* Low inflation puts pressure on ECB to ease policy
* Euro zone bond yields fall broadly
* Yield curves steepen as short-term yields fall more
By Emelia Sithole-Matarise and Marius Zaharia
LONDON, Nov 1 (Reuters) - Euro zone bonds broadly edged higher on Friday, extending this week's rise after a surprisingly sharp slowdown in euro zone inflation raised expectations that the European Central Bank may ease monetary policy further.
October inflation fell to 0.7 percent from 1.1 percent the previous month, well below the ECB's target of just under 2 percent, data on Thursday showed. The shock was so great that it overshadowed a Federal Reserve statement that was perceived as less dovish than anticipated.
Short-term euro zone inflation gauges as measured by French breakeven rates, the yield spread between euro zone inflation-protected government bonds and equivalent nominal debt, have plumbed to July lows since the report.
Many in the market expect the ECB at least to signal a rate cut or new liquidity injections at its meeting next week, while holding fire until December when it will have updated medium-term inflation and growth forecasts.
"Inflation is so low that you just have to assume they'll do something about it," said Alan McQuaid, chief economist at Merrion Stockbrokers. "That's going to keep the (bond) markets well bid going into the ECB meeting."
Shorter-dated bond yields, more sensitive to central bank policy than the longer-dated ones, fell the most.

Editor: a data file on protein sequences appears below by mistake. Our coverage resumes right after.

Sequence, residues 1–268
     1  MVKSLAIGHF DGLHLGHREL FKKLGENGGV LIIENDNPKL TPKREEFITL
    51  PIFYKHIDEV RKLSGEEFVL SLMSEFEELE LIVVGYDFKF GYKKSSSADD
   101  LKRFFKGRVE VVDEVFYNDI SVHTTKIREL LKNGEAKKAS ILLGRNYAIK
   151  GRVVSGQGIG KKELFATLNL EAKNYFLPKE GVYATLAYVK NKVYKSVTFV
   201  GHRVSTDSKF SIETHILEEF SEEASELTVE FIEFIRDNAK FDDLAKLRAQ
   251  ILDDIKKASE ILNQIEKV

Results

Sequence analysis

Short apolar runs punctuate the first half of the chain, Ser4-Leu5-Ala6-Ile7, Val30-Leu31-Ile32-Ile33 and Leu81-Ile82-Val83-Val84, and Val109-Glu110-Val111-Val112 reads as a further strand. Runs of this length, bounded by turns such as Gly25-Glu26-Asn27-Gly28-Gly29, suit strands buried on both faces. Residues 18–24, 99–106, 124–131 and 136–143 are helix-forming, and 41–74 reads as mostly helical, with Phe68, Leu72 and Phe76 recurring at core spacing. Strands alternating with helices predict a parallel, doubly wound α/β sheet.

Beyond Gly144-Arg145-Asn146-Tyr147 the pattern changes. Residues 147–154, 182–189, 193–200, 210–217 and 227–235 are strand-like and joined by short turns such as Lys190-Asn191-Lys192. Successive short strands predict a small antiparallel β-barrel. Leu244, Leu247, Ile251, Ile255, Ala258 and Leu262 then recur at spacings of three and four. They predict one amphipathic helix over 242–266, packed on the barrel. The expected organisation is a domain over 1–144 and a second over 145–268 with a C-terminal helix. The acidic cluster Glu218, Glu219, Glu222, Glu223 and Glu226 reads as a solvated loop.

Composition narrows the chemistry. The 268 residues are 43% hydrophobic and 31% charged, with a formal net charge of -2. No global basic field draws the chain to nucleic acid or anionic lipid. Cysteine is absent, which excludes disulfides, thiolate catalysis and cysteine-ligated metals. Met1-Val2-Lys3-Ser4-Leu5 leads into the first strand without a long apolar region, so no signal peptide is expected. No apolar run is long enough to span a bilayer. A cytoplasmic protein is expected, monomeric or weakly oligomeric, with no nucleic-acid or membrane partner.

Two-year Spanish yields fell 6 basis points to 1.09 percent, while equivalent Italian yields dropped 5 bps to 1.39 percent. Their 10-year counterparts fell by 2 bps to 4.02 and 4.11 percent, respectively.
In core euro zone bonds, German two-year yields , were 1 bp lower at 0.11 percent, their lowest since Aug. 1, steepening the 2- to 10-year yield curve by 3 bps to 158 bps. Bund futures closed 15 ticks lower at 141.85, having hit a two-month peak of 142.32 on Thursday.
Longer-dated Bunds tend to track their top-rated peers, the U.S. Treasuries, more closely and therefore the Fed outlook has more influence on them.
A stronger-than-expected report on U.S. manufacturing reduced pessimism about the economic recovery, reviving some worries the Federal Reserve might pare its bond purchases earlier than some traders had thought.
"The market is now strongly expecting the ECB to deliver something by the December meeting so the front end is extremely well bid," a trader said. "Longer-dated Bunds to some degree are going to trade with a bit of a bias towards what Treasuries will do after the Fed was not so dovish."
The ECB has not sent any official signals of imminent easing since its October meeting and were it to make such a move, it is unclear whether it would opt to cut rates or prefer to give banks another dose of cheap long-term loans.
Societe Generale strategists said in a note they expected the central bank to cut interest rates to a record low 0.25 percent from the current 0.50 percent in December.
"From the ECB perspective, a key rate cut would weigh on the euro/dollar near term and help anchor inflation expectations that otherwise could drop sharply," they said.
"However, it is doubtful that a rate cut alone would have a lasting effect on the euro exchange rate and an LTRO (programme of cheap loans) would probably have a bigger effect."